Q: We signed a contract for an investment home in Florida two years ago.
A couple of months after we signed the contract, we received a letter from the builder stating that they had encountered a delay in getting approvals and permits to start construction and that they project would be delayed by 10 months or more.
They also indicated that they were changing the homeowner’s association’s fees and that they needed us to sign a “Disclosure Summary” that was omitted from the contract.
We were asked to sign and send back the “Disclosure Summary” within 10 days or we could cancel the contract. I misread their letter and thought they needed me to it send it back if I wanted to cancel the contract. I never signed or sent them the “Disclosure Summary.”
Earlier this year we received a letter from the builder stating that they finally got the permit and could start construction on the project and they requested the additional deposit per the contract. It also threatened us by saying that if we don’t send the deposit on time, we would lose all of our deposit.
With the slowing housing market, the implied threat of the letter is very discouraging. We are thinking of backing out the contract.
Do you think we can back out the contract because the disclosure was not in the contract or that we can get out of the contract because the home was not completed within 2 years of the date that the contract was signed?
A: In light of the slowing housing market, your question is quite timely and probably of great interest to many.
In the booming real estate market of the past decade, nobody wanted to back out of their real estate deals and sloppy paperwork rarely stopped a deal or even got noticed.
Now that the market is slower and people are looking at every which way to back out of a deal, you have raised a number of great issues and questions.
The first thing you have to know is that buying new construction real estate has its pitfalls and you should only proceed to purchase real estate with quality advice from a real estate attorney. While many people elect to go it alone when buying real estate, some of them find that they could have used legal help early on that could prevent large losses later in a transaction.
The second thing to know is that there are consumer protection statutes at the state level and the federal level. In some cases, state laws and federal laws may give real estate purchasers different protections.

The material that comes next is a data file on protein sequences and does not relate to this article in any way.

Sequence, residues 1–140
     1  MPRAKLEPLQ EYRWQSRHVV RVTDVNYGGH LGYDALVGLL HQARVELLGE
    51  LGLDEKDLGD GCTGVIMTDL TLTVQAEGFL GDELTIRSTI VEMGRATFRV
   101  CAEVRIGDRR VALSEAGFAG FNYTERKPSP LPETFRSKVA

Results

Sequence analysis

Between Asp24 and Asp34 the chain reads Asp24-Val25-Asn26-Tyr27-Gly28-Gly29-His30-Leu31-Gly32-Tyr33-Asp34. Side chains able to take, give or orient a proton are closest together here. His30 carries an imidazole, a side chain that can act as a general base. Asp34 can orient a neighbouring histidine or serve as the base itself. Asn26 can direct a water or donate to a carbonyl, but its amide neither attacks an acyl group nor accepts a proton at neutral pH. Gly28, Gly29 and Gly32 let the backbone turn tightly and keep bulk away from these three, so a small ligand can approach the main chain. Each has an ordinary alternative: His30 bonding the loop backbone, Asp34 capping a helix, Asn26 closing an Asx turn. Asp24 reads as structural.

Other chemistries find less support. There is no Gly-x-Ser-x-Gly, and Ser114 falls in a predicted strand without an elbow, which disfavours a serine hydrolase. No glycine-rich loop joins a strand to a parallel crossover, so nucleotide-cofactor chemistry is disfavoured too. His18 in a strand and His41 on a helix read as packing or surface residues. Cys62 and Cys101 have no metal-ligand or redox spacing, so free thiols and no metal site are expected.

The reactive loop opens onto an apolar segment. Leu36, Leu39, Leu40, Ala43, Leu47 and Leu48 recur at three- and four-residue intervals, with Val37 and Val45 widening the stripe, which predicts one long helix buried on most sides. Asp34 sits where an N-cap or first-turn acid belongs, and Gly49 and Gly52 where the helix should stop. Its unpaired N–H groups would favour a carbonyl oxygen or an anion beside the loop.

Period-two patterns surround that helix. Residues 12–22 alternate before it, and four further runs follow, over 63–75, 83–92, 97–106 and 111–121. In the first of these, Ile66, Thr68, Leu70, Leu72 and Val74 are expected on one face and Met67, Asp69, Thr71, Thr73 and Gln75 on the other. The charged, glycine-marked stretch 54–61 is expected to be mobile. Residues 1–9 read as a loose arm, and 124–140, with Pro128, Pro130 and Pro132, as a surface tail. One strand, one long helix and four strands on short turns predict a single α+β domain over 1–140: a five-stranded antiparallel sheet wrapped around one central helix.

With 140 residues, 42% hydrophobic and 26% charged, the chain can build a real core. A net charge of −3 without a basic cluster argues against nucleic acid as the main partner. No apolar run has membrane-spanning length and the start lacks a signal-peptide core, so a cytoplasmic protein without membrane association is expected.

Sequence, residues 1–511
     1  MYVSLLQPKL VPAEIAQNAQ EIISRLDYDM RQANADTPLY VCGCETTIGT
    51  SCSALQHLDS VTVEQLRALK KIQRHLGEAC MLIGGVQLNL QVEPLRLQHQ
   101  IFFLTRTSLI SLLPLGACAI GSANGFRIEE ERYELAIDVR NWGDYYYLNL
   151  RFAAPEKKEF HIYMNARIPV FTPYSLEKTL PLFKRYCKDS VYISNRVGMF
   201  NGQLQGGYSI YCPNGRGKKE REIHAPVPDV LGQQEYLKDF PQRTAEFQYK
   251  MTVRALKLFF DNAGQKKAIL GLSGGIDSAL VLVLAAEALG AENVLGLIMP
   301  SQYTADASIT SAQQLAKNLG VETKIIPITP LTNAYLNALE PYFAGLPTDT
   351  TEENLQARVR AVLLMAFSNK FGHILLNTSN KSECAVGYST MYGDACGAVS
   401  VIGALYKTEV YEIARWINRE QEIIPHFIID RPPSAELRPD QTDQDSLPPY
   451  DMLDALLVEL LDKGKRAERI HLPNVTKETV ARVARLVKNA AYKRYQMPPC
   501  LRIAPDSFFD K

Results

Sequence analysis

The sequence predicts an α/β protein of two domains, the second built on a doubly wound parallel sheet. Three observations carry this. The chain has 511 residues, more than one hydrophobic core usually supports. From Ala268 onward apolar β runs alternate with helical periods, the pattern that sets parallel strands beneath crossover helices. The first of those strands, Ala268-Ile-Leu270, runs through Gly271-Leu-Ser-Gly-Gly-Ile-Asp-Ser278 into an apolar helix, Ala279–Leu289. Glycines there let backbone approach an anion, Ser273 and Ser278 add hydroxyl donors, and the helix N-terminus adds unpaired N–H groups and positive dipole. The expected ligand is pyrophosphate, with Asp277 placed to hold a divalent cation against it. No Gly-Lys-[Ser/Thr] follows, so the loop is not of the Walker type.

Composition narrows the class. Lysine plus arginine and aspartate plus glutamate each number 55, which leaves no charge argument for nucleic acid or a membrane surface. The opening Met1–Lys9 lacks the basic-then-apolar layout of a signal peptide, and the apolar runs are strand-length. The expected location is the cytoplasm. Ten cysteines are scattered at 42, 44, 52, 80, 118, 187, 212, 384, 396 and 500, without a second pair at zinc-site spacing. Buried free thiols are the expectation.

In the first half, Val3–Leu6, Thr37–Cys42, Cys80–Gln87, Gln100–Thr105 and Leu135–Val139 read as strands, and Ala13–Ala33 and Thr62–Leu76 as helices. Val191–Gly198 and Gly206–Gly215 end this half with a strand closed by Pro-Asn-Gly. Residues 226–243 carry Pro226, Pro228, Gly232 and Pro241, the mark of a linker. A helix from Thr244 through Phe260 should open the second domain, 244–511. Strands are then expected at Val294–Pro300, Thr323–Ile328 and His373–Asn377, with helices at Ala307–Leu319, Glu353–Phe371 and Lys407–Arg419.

Many states have specific disclosure laws, in particular with the sale of condominiums or large scale developments. These disclosure laws frequently allow a purchaser to cancel the deal if the purchaser is not given the disclosures required by law.
Federal law is somewhat more limited in its application to local real estate transactions, but in the case of the sale of large scale developments involving vacant lots, homes or condominiums, buyers are given a second set of disclosure documents. If these documents are not given to buyers, a buyer has the right to terminate the transaction up to 2 years following the signing of the contract.
It’s unclear what disclosure documents you received prior to signing your contract and what disclosure documents you received months later.
When it comes to state-mandated documents, you would need to consult with a real estate attorney located where the property is that you are buying to determine what your rights might be to terminate a contract.
In some states, if you get the disclosure documents late, you have a certain number of days to terminate the contract. If you fail to terminate the contract in that time period, the deal moves on.
Under federal law, you might have a right to terminate the contract if you never received the disclosures required under federal law. In simple terms, the Interstate Land Sales Full Disclosure Act was passed to give consumers an opportunity to understand the risks involved in buying properties that were to be developed. If the development was to take longer than 2 years, the consumer has to receive the required disclosures. Of course, the law is not that simple, but in essence, a consumer of a yet-to-be-built condominium development that was purchased by people from various states, needed to have received certain disclosures.
If the consumer did not get these disclosures, the consumer could terminate the contract.
You need to get all your documentation in order and sit down with a real estate attorney to assess your legal options and determine whether you can cancel the deal at this late date — or not.